Spotlight #80 - Becoming visible – non-timber forest products and a sustainable economy
One positive and largely overlooked outcome of the current coronavirus could be a stronger bioeconomy. "I think the pandemic is going to spur the bioeconomy," said Dr. James Chamberlain of the United States Forest Service, Southern Research Station in Blacksburg, Virginia, and Coordinator of IUFRO's Unlocking the Bioeconomy and Non-Timber Forest Products Task Force
Dr. Carsten Smith-Hall of the University of Copenhagen, Department of Food and Resource Economics, and Deputy Coordinator of the Task Force concurs. "A bioeconomy approach," he says, "offers an opportunity to refocus and strengthen efforts to achieve sustainable management of renewable natural resources, including forests. What works locally and how can that be scaled up?"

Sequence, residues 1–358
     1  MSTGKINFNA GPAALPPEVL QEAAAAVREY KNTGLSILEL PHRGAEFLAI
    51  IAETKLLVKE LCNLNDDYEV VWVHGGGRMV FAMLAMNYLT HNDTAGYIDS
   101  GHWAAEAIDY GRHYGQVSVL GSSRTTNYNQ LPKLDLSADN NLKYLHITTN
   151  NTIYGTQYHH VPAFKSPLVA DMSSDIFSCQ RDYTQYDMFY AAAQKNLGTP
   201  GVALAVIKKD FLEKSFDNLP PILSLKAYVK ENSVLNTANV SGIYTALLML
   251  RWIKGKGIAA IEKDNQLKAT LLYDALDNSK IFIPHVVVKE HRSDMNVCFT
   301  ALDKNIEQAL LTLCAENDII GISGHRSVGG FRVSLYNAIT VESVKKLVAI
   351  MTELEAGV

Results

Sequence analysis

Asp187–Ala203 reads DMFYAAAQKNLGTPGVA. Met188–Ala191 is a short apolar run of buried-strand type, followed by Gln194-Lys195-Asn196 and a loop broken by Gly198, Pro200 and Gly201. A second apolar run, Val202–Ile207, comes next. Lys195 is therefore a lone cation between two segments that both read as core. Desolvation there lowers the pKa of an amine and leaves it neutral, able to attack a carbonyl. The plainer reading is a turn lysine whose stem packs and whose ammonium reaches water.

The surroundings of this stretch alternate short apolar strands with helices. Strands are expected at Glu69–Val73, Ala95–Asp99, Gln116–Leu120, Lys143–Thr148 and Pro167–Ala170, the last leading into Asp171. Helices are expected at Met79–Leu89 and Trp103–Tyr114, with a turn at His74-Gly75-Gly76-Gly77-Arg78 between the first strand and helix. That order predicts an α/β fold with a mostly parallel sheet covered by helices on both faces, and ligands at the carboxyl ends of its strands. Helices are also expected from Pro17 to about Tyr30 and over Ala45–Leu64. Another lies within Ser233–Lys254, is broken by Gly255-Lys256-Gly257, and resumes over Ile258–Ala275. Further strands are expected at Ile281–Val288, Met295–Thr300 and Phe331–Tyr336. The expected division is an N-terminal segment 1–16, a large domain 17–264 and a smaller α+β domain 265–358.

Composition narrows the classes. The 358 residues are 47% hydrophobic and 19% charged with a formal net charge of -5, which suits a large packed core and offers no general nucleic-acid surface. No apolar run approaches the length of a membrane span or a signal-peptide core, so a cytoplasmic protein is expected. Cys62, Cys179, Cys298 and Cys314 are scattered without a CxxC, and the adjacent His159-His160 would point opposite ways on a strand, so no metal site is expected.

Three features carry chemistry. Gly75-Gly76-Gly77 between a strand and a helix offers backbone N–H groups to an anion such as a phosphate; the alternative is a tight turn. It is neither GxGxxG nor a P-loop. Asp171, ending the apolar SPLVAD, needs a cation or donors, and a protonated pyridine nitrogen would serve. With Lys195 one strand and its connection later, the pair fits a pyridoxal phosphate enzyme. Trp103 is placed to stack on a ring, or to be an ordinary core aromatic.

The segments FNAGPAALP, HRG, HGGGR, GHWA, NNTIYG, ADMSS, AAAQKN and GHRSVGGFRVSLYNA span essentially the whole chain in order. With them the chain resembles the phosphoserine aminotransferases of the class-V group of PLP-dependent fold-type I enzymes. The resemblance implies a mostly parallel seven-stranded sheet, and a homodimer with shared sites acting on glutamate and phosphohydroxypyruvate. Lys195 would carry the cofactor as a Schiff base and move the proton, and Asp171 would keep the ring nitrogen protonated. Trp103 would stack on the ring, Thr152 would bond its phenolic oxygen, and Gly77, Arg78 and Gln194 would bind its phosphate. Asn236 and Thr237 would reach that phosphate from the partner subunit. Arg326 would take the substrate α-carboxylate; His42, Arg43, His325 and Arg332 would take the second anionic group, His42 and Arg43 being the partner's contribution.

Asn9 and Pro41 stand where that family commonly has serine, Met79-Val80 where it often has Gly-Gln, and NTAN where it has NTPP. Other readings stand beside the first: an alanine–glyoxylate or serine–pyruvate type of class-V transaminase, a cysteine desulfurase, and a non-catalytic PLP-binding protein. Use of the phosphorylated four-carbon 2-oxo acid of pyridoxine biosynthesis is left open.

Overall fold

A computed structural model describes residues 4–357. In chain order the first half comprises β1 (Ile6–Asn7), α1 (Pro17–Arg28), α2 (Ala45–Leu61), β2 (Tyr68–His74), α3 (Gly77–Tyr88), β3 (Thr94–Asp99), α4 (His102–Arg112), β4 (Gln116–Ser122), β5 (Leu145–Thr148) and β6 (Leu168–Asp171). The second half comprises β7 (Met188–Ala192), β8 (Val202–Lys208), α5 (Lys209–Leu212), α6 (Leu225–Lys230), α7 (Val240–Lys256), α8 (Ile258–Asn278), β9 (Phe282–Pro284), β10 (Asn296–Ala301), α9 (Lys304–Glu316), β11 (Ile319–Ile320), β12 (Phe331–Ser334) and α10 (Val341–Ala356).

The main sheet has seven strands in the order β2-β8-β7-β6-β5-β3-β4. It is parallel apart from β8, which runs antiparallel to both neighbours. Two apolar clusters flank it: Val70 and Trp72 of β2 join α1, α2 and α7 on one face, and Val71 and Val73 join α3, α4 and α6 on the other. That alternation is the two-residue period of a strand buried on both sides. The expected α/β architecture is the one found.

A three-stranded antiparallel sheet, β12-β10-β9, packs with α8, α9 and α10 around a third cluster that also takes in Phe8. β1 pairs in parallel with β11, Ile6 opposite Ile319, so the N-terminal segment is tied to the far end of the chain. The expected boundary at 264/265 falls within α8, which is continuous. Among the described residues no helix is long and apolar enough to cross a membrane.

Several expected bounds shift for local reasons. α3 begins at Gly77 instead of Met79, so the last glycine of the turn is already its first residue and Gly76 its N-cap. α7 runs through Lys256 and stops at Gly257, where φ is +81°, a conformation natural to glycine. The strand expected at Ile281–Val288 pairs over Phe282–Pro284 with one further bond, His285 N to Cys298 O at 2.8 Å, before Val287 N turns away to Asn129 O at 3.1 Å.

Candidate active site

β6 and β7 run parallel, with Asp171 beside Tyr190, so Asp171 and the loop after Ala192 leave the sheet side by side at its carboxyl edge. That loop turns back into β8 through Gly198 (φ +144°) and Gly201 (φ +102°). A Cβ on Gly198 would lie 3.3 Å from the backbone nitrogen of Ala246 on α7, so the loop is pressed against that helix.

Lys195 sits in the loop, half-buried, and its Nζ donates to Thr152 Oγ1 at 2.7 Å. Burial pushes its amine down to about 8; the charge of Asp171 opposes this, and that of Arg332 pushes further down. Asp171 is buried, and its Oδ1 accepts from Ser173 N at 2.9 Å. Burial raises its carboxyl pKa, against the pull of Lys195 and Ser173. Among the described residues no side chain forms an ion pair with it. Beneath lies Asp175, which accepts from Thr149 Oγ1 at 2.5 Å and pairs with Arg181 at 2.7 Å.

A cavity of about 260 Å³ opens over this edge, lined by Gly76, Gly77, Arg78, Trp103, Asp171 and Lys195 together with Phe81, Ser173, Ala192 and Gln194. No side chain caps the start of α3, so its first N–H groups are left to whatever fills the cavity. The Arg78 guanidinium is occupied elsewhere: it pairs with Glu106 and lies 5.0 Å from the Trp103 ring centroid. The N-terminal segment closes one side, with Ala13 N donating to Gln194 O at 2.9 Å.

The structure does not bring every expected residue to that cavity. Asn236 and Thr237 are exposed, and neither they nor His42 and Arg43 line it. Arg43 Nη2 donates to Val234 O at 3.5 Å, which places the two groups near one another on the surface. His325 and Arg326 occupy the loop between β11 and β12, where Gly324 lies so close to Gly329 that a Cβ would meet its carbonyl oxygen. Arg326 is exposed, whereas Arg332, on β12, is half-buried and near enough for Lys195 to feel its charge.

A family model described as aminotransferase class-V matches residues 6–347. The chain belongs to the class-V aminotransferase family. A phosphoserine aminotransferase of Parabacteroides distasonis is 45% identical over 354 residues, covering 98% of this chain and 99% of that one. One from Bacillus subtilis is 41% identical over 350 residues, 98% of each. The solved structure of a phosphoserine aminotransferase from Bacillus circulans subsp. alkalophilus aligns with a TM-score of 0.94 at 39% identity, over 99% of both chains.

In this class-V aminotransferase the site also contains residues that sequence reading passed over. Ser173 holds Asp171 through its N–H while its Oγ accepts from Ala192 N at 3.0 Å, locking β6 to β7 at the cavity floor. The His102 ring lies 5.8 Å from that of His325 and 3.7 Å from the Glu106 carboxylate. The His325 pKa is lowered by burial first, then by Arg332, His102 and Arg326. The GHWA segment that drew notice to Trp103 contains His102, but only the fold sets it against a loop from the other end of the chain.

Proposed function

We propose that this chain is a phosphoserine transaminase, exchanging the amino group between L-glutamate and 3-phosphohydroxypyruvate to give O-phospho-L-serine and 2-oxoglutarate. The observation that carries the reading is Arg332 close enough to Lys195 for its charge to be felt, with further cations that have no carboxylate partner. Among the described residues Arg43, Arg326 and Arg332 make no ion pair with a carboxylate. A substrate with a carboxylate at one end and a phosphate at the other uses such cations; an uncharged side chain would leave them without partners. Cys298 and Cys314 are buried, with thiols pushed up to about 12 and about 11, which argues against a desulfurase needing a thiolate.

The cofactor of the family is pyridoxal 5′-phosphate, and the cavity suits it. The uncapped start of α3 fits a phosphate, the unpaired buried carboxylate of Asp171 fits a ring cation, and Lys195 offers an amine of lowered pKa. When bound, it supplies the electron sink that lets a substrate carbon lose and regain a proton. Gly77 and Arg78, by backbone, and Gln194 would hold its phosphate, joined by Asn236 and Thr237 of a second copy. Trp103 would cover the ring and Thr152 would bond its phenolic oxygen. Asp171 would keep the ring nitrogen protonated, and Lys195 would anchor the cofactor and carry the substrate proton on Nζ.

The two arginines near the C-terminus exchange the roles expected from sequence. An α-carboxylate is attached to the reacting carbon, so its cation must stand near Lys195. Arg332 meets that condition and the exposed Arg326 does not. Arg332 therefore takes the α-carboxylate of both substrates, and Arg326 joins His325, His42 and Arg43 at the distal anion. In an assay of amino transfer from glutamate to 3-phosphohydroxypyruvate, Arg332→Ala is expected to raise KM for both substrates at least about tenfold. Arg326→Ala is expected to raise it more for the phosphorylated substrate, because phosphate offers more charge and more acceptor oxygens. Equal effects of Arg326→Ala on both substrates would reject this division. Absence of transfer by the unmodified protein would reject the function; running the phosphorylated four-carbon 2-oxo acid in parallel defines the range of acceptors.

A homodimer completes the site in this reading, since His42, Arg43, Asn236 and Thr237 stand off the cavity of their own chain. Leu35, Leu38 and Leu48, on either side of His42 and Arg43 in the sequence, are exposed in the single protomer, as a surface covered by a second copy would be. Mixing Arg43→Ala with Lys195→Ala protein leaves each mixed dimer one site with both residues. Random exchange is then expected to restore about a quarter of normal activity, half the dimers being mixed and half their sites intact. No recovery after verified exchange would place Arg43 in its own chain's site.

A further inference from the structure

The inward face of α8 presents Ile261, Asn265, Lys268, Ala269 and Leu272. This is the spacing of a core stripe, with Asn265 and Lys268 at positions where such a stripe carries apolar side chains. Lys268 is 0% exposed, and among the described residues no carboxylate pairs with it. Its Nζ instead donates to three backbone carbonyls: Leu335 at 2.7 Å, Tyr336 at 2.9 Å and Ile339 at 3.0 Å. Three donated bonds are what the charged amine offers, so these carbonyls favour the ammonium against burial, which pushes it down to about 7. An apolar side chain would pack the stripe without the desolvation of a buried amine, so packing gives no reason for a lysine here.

The impetus for the bioeconomy movement was biotechnology oriented – contributing to replacing fossil fuels with biofuels. By pointing to shea nuts in Burkina Faso and medicinal plants in Nepal as examples, he maintains that non-timber forest products (NTFPs) can become a major component in local, and even national, economies, provided supporting legislative and socio-economic environments are created.
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